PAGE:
During the past year, we have been learning a lot about the Zika virus.
Scientific and medical research has produced a constant stream of new information about what the virus looks like and which diseases it can cause in infants and adults. We have also learned more about Zika virus epidemiology — the various ways that the virus can spread. This figure is an illustrated summary of how this is happening in humans based on what we know so far.
Virologists refer to viruses like Zika as arboviruses — which is to say viruses that are transmitted by insects (arbo = arthropod-borne). Most arboviruses are carried by mosquitoes. This is the case with Zika, and it has been known for almost 50 years that the species Aedes aegypti transmits it to humans. The related Aedes albopictus species is similarly capable of passing on Zika. Other Aedes and Culex mosquito species are also known to carry Zika, but unlike their mosquito cousins, they appear to keep it to themselves.
Earlier this year, it was reported that the Zika virus can be active in the semen of infected men. Later, it became established that women can contract Zika not only from mosquitoes, but also from infected men. Zika is consequently now a member of the sexually transmitted virus club, along with other viruses like HIV, HPV and HSV. It is not known how long Zika may remain active in the semen, but the virus's genetic fingerprints have been detected there at 181 to 188 days after infection. To be cautious, the World Health Organization is currently recommending that anyone who has visited a place where Zika is being transmitted should abstain from unprotected sex during the following six months.
Men infected with Zika can also transmit it to other men. This was documented for the first time in January of this year, and follows the pattern of other sexually transmitted viruses that can be transmitted by men to either gender. The World Health Organization's 6-month recommendation applies equally in this scenario.
Zika also appears to be active in vaginal tract of infected women. In July of this year, the first clinical case was reported in which a woman passed Zika on to her male sexual partner. This may not be the most common path of infection, but it is possible nonetheless.
This mode of transmission is the most terrifying. It was initially suspected based on the uptick in cases of microcephaly that began occurring in Brazil in 2015. Early testing with infected women showed that the virus was present in spinal and brain tissue of the fetus as well as in the amniotic fluid. Evidence such as this persuaded the CDC to declare the cause (maternal Zika infection) and the effect (fetal microcephaly) to be linked, and this was supported by a recent case-controlled study in Brazil. Infection during any trimester of pregnancy is now known to be capable of causing developmental disorders.
The interesting thing about arboviruses is that they are capable of infecting and propagating themselves in two hosts that have very different physiologies. And so it is that Zika virus infection goes both ways between humans and mosquitoes. While there may not be much empathy for the mosquito in this scenario, it is still a cause of concern. This is because nothing migrates so prolifically as humans do; and infected humans can quickly and easily travel to new locations, where they can pass Zika on to local mosquito populations that didn't carry it before. This event spawns new cycles in new places, where the trajectory of transmission otherwise would have petered out. One such place where this scenario might be a factor is Miami Beach, Florida, where mosquitoes have now tested positive for the virus.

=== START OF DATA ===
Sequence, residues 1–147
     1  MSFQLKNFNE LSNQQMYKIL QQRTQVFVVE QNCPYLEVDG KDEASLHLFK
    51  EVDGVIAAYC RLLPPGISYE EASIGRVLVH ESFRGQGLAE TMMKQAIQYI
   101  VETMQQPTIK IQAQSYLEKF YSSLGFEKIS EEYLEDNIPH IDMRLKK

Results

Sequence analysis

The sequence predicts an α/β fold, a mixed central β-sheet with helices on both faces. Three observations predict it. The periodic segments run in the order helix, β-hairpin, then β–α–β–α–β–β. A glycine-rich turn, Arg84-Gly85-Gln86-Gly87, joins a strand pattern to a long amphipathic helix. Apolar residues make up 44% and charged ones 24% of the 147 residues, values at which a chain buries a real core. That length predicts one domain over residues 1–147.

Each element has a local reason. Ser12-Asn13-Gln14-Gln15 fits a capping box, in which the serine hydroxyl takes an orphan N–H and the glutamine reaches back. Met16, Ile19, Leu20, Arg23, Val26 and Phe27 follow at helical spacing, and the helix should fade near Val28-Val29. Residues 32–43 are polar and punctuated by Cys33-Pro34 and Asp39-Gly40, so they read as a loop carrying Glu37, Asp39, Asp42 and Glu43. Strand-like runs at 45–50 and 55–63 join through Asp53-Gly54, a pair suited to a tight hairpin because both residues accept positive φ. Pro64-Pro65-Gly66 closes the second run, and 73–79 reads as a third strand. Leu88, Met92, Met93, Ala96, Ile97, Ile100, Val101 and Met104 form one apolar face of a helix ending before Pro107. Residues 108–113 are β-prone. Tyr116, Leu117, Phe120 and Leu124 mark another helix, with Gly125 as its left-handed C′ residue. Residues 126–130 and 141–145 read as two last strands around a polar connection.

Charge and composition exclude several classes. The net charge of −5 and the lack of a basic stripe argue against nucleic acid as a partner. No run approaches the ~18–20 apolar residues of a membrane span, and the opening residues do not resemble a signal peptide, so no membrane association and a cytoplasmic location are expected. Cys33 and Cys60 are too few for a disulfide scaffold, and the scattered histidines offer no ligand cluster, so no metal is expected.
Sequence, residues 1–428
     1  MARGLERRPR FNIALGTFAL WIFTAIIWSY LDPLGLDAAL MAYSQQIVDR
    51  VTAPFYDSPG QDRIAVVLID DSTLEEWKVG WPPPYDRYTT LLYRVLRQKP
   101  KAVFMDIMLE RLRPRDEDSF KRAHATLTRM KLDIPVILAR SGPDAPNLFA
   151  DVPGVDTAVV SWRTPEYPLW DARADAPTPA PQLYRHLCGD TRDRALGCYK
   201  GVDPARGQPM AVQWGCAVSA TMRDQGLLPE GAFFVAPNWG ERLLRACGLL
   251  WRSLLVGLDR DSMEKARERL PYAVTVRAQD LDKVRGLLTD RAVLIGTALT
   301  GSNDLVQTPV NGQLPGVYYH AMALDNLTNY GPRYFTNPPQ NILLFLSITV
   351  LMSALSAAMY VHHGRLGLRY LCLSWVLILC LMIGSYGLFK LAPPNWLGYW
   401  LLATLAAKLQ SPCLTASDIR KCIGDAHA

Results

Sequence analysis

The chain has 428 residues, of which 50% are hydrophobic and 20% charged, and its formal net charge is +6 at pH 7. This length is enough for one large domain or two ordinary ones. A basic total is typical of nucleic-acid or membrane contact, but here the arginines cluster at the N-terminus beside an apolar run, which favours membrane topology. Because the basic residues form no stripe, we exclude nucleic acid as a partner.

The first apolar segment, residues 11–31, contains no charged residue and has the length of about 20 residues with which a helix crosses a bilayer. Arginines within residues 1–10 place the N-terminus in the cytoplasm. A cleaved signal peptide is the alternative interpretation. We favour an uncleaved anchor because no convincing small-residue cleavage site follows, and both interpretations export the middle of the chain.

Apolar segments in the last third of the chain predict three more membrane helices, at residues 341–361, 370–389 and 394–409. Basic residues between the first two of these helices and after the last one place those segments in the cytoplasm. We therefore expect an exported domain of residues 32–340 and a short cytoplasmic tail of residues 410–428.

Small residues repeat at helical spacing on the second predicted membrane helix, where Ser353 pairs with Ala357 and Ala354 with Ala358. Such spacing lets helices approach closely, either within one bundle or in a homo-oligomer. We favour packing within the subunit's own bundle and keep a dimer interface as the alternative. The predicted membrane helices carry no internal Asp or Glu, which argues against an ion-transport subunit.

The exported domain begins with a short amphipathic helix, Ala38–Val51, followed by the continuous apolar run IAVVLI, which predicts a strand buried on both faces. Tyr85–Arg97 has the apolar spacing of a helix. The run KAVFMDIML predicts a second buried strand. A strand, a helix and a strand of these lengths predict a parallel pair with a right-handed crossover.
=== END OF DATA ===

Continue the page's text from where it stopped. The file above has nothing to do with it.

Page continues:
In August it was shown that like humans, infected mosquitoes can pass Zika on to their offspring. This was no great surprise, as this has been seen before with other mosquito-borne viruses. The study estimated that Aedes aegypti offspring have a 1 in 290 chance of getting Zika from their infected mosquito mothers, but this doesn't seem to happen at all in the Aedes albopictus mosquitoes. The implication of this is that Zika can persist at low levels in some mosquito populations in regions where humans or other primate hosts may be absent, or transient.
These are the general ways in which Zika is known to spread. And although only an estimated 19 percent of people who become infected with Zika may notice any symptoms, a person does not need to have those symptoms in order to transmit the virus to another person.
On very rare occasions, Zika may be transmitted person-to-person through other bodily fluids such as saliva, urine or tears. A new report from researchers at the University of Utah details how this might have been a factor in the curious case of an elderly man who appears to have acquired Zika while in Mexico, returned to his home in the Salt Lake Valley (where Zika mosquitoes are not present), and mysteriously transmitted it to a family member with whom he had been in contact. The elderly man had unusually high amounts of the virus in his blood, which may have made this mode of transmission possible, and unfortunately passed away.
This case illustrates that a lot of details are still unknown about the nature of Zika virus. But as more cases of Zika infection continue to emerge in the months to come, new information will certainly be gleaned about the virus and how it spreads.